2. I agree with that @andae23. It certainly does not look like Maldonado is learning much from getting these penalties

      2. And Gilles Villeneuve?

  7. 1 point for a collision, 2 for impeding. Nice one FIA!

    I wish they would stop referring to the pit stop penalties as stop/go, as that is confusing with the original sort of stop/go penalty. It ought to be referred to as a time penalty, which is what it realistically is, even if the time is applied during the race itself.

    1. @strontium
      I agree! Calling it a stop and go is silly and incredibly confusing.

  8. This story is clearly incomplete as it does not include the “it wasn’t my fault” quote from Maldonado. Half a job F1 Fanatic

    1. Yeah . where is the quote , there must be one somewhere ;-)

  9. I think the FIA’s penalty points are not the issue here. I think the issue is that Maldanado has proven himself to be a very irresponsible driver who never takes accountability for his mistakes and the dangers he puts others in.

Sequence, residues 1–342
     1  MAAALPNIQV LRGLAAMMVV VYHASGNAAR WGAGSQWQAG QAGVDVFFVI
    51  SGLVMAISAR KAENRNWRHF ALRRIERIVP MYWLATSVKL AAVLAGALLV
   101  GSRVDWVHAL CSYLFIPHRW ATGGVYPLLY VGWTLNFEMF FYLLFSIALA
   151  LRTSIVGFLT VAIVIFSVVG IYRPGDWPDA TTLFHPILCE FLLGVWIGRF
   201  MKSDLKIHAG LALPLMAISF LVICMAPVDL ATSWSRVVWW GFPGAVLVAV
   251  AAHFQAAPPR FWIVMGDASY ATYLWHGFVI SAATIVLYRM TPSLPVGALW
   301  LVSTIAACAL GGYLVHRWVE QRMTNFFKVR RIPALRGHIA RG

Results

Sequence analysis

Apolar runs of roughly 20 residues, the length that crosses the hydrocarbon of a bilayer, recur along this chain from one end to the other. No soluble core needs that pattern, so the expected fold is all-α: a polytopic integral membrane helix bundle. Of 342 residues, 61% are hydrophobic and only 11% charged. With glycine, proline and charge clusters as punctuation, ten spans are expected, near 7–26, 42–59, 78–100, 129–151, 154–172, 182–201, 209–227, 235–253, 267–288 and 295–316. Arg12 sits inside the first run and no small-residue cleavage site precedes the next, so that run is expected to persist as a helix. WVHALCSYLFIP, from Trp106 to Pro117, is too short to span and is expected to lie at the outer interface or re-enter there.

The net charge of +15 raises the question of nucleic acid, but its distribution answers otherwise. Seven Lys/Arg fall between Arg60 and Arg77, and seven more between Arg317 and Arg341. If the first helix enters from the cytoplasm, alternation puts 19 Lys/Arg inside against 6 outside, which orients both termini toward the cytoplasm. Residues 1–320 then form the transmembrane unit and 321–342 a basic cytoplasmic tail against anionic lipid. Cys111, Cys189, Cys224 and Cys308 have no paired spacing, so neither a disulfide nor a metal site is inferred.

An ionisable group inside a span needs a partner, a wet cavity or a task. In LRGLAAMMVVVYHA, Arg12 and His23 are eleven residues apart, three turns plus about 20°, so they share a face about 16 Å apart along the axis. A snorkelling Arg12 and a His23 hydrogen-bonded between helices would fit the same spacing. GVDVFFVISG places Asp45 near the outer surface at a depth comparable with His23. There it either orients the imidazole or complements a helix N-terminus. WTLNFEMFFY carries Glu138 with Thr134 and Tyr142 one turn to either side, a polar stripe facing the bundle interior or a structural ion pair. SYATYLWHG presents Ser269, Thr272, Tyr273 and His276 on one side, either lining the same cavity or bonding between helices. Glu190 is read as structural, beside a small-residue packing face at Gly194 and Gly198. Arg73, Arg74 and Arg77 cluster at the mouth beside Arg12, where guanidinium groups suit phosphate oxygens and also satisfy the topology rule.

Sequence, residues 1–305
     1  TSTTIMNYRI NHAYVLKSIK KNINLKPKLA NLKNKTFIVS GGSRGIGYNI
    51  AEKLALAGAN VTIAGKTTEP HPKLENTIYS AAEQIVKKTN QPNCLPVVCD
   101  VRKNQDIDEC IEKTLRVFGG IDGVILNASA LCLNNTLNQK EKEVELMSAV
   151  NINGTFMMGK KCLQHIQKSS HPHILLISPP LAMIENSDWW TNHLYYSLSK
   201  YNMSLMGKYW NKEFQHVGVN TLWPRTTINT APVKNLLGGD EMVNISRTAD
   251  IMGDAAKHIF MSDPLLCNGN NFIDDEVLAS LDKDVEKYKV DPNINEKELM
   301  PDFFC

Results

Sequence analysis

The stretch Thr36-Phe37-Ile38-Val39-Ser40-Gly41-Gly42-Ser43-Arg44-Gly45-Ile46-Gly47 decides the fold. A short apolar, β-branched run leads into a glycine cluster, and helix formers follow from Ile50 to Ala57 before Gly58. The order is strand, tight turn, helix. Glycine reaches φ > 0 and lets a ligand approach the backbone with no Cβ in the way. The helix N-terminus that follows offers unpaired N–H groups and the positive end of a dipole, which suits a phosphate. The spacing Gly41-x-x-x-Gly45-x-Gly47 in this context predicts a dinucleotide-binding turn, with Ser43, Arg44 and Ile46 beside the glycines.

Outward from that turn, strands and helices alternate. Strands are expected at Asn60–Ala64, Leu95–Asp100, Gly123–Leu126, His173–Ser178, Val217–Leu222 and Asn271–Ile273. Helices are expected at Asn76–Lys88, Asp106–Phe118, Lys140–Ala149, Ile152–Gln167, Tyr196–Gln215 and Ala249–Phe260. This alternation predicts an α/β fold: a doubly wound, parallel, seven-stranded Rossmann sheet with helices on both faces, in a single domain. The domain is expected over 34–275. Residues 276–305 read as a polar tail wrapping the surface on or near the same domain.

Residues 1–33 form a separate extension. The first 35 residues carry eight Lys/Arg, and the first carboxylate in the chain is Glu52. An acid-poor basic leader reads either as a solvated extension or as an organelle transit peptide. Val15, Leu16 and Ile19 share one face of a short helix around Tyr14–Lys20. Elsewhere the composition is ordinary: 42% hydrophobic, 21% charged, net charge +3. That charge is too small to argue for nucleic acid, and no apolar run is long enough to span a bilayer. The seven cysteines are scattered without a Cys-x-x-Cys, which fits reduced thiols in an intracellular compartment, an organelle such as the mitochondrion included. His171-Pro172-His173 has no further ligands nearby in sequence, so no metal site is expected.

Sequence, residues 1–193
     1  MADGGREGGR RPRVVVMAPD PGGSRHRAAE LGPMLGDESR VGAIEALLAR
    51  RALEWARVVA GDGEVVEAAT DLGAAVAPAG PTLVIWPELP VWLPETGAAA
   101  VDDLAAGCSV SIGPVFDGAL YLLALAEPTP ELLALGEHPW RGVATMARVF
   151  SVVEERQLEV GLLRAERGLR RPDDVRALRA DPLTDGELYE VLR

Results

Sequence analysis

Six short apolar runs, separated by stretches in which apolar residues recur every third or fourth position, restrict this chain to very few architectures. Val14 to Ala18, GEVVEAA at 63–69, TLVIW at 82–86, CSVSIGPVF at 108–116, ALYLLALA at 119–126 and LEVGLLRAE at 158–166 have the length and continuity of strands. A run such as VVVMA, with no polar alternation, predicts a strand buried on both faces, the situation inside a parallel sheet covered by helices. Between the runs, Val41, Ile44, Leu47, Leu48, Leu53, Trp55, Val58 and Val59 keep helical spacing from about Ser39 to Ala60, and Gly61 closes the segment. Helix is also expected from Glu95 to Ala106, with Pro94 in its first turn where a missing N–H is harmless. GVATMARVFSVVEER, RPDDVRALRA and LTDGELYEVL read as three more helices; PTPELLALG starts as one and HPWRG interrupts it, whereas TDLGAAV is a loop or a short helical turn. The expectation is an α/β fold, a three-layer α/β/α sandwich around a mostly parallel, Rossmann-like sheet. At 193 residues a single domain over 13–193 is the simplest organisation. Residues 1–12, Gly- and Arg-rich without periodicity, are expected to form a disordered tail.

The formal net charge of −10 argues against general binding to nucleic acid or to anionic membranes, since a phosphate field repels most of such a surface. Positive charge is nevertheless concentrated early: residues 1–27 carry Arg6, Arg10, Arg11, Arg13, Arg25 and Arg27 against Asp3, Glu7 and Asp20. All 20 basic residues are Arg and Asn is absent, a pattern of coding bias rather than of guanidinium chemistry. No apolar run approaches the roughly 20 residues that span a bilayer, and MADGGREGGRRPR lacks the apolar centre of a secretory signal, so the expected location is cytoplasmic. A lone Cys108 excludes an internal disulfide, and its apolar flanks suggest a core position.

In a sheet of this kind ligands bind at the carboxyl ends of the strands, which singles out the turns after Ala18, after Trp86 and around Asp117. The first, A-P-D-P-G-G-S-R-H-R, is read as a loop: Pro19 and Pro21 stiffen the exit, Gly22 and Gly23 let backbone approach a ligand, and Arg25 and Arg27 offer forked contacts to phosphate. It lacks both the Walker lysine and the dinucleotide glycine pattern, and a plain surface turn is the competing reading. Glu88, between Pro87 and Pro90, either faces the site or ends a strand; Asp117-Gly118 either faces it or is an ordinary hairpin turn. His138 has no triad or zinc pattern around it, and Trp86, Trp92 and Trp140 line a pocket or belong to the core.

How many collisions and outright crashes has he been involved in this year? In 5 races, I’m thinking it’s either 6 or 7, including practices. And nearly all of them were through lack of focus or judgement. It’s not fair to the other drivers to know that SOMEONE will likely have their race ruined by Maldanado each week.

    Forget the points because they are not applied for his stupid mistakes in practice where he got lucky and only hurt himself and not others. Is he truly going to have to injure or kill another driver before the FIA acts? Grosjean was suspended, for a race, for much less. Maldanado’s “body of work” is far beyond any driver on the grid and the FIA need to take decisive action.